Miller puts integrity of the Times on the line


Ten days after The New York Times published a voluminous account that sought to clarify reporter Judith Miller's role in the CIA-leak case, the newspaper, widely considered the country's finest, finds itself ever more deeply embroiled in a controversy over the veteran staffer's actions.

The fiasco comes just as the Times seemed to have emerged from the furor over Jayson Blair, whose serial fabrications prompted the firings in 2003 of its two top editors and led to searing criticism of the publication.

That imbroglio forced a reappraisal of newsroom policies and a redrawing of the paper's ethical standards. Now, the Miller affair has forced the paper's management, which for months had portrayed her as steadfastly upholding the journalistic tradition of protecting sources, to publicly distance the institution from its reporter. It also has sharply refocused attention on precisely the same problem that bedeviled the Blair affair, namely, a lack of supervision over reporters with agendas of their own. More significantly, it has led to questions about how the Times could repair its damaged credibility.

"The immediate question is Judy Miller. The larger question is, has the Times been manipulated? Why did that happen, and why shouldn't we think it'll happen again?" asked Alex S. Jones, a Pulitzer Prize-winning former Times reporter who is now director of the Joan Shorenstein Center on the Press, Politics and Public Policy at Harvard University's John F. Kennedy School of Government. (Nick Madigan, who covers the media for The Sun, has also reported for the Times.)

Some of the Times' detractors say its editors failed to properly question Miller while she insisted on protecting a source - I. Lewis Libby Jr., Vice President Dick Cheney's chief of staff - who had sought to smear a critic of the Bush administration's rationale for invading Iraq. Miller spent 85 days in jail before revealing Libby's identity, with his permission, to a grand jury.

Senior editors at the Times - including, by his own admission, its executive editor, Bill Keller - failed to elicit from Miller several key facts about her association with Libby that, in retrospect, might have lessened the unstinting support she received from the paper. A special prosecutor was appointed to determine who had leaked the name of the CIA agent.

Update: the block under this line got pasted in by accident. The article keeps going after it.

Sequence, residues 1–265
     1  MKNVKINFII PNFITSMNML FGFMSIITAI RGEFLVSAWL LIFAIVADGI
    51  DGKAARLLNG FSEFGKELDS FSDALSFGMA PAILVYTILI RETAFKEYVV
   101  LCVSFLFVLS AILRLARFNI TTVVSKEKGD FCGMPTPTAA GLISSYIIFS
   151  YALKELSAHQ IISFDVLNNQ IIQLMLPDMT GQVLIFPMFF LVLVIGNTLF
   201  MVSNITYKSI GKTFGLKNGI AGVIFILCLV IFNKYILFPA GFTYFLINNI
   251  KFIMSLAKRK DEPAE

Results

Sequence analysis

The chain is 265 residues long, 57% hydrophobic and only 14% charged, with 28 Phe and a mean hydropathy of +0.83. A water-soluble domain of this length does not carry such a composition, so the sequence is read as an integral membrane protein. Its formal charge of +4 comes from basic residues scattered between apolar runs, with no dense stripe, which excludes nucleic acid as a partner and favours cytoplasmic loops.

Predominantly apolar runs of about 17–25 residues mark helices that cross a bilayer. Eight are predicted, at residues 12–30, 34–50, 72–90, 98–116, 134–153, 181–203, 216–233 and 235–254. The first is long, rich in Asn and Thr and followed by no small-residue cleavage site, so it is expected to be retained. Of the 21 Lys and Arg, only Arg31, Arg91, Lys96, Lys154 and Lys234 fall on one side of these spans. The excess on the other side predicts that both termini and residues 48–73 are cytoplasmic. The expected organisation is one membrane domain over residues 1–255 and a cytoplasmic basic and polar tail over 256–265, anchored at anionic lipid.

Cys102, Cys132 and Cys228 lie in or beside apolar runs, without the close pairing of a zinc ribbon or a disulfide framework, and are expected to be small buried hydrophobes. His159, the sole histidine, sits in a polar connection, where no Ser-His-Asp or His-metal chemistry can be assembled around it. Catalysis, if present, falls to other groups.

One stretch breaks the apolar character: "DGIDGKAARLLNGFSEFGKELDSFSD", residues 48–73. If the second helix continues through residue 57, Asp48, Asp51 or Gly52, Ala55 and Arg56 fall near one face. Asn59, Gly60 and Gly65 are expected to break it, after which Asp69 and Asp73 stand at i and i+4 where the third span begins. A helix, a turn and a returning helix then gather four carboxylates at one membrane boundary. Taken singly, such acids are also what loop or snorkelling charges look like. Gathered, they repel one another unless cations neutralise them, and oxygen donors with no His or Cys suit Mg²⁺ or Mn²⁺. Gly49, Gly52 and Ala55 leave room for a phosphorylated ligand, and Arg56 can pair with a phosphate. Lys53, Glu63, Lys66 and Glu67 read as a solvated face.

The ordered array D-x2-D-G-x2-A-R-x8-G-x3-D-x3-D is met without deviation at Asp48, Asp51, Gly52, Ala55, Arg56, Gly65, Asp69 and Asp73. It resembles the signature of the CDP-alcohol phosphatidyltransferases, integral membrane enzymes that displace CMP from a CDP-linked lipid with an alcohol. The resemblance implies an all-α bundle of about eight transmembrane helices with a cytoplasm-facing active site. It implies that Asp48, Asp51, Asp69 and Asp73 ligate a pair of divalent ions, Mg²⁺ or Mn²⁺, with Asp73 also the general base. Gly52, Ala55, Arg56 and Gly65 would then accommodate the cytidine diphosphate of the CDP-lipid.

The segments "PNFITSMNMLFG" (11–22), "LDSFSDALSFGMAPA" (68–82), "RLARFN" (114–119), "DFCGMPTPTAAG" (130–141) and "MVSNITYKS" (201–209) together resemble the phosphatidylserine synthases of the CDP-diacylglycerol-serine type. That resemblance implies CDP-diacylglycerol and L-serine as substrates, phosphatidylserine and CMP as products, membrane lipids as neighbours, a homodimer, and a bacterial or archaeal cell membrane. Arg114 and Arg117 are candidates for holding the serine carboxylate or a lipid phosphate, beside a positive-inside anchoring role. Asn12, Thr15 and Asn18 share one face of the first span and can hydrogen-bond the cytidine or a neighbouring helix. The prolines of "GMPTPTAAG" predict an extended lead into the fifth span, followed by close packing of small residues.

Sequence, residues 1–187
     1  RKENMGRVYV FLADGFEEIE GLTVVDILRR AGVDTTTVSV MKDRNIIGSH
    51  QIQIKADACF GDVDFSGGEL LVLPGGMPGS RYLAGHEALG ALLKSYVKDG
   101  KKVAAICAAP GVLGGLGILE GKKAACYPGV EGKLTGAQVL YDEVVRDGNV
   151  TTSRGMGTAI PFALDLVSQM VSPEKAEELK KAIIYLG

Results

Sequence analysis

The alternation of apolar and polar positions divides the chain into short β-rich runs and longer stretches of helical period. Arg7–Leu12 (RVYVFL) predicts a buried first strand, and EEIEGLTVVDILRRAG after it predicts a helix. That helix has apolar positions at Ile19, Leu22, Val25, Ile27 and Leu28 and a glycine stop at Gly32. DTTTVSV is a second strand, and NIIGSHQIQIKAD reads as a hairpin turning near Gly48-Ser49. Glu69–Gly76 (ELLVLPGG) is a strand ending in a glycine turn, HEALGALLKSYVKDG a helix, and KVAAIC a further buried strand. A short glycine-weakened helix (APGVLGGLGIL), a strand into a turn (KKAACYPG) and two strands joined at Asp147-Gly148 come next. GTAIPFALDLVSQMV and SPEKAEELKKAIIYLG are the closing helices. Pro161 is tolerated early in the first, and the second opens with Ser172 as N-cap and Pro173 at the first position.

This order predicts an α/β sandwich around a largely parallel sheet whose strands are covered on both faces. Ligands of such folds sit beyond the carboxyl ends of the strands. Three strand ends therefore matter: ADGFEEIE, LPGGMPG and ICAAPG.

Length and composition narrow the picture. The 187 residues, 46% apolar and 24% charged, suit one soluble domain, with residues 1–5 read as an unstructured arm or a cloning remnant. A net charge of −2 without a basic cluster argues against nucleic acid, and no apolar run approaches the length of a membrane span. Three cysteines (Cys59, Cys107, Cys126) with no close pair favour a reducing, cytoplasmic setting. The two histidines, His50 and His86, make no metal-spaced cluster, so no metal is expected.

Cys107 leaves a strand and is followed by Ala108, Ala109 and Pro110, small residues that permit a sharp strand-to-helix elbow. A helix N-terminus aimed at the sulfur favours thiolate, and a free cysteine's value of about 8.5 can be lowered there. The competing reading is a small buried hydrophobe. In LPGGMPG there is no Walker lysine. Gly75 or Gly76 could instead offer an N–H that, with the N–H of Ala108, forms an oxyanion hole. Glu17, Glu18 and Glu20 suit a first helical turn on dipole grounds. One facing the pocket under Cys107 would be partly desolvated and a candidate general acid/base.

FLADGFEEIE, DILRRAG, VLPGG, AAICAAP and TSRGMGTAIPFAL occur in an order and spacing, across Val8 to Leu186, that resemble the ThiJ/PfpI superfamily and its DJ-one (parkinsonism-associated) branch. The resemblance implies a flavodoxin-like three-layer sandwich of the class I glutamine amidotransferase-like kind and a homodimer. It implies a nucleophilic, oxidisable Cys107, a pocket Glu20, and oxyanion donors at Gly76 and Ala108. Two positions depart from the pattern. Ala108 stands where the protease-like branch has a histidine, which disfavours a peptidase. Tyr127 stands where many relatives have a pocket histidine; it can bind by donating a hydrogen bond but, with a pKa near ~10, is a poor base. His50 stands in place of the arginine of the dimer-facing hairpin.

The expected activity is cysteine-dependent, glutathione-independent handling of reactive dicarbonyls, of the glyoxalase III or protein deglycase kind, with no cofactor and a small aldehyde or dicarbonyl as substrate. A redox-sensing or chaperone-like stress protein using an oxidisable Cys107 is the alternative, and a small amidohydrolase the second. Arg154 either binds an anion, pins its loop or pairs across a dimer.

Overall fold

Miller, in a first-person account in the Times on Oct. 16, acknowledged that the agent's name appeared in the same notebook that she had used to record a meeting with Libby, but said Libby was not the source for the name. She could not recall who was.

From her explanation, it became apparent that Miller had been less than clear with her editors. She also initially failed to tell them that she was one of the Washington reporters who had been given the name of the CIA agent, Valerie Plame Wilson.

Miller is also faulted for agreeing to identify Libby only as a former Capitol Hill staff member instead of as a Bush administration official, which would have shifted the focus of the investigation away from the White House.

But the questions over Miller's performance go back years, most notably to her reporting on weapons of mass destruction in Iraq, which was later found to be largely false. She has also antagonized colleagues at the Times, some of whom do not trust her reporting methods.

"There are a group of people who have always been able to get away with murder at the Times," Jeremy Gerard, a former Times reporter who worked alongside Miller for about two years, said yesterday. "It has to get its house in order."

Gerard, now the articles editor for Radar magazine, wrote yesterday in its online edition that the trashing of Miller by some of her colleagues in the last few days was "unseemly."

"If I were Judy Miller," said Jones, the former Times reporter, "I would send a message to Bill Keller saying, `There are clearly questions that I need to address. My credibility is at stake; the credibility of The New York Times is at stake. Let me sit down with you, or with an editor you designate, and I will answer all the questions. Let the chips fall where they may.'

"It would be a significant step in the right direction," said Jones, who co-authored a book on the Sulzberger family, longtime publishers of the paper. "You restore your credibility by leveling. In the long term, if they let this subside, it will be a terrible thing. It will linger as an unlanced boil. If the Times doesn't have that unequivocal, high-ground moral authority, it is severely weakened."

Miller's own belated explanation of her role in the CIA-leak case has caused her most stalwart supporters, including publisher Arthur O. Sulzberger Jr. and Keller, to publicly question her actions.

Although Miller did not write a story about the Plame case, she said she pushed her bureau chief in Washington at the time, Jill Abramson, to allow her to do so. Abramson says otherwise. Now one of the paper's two managing editors, Abramson declined to be interviewed for this article.

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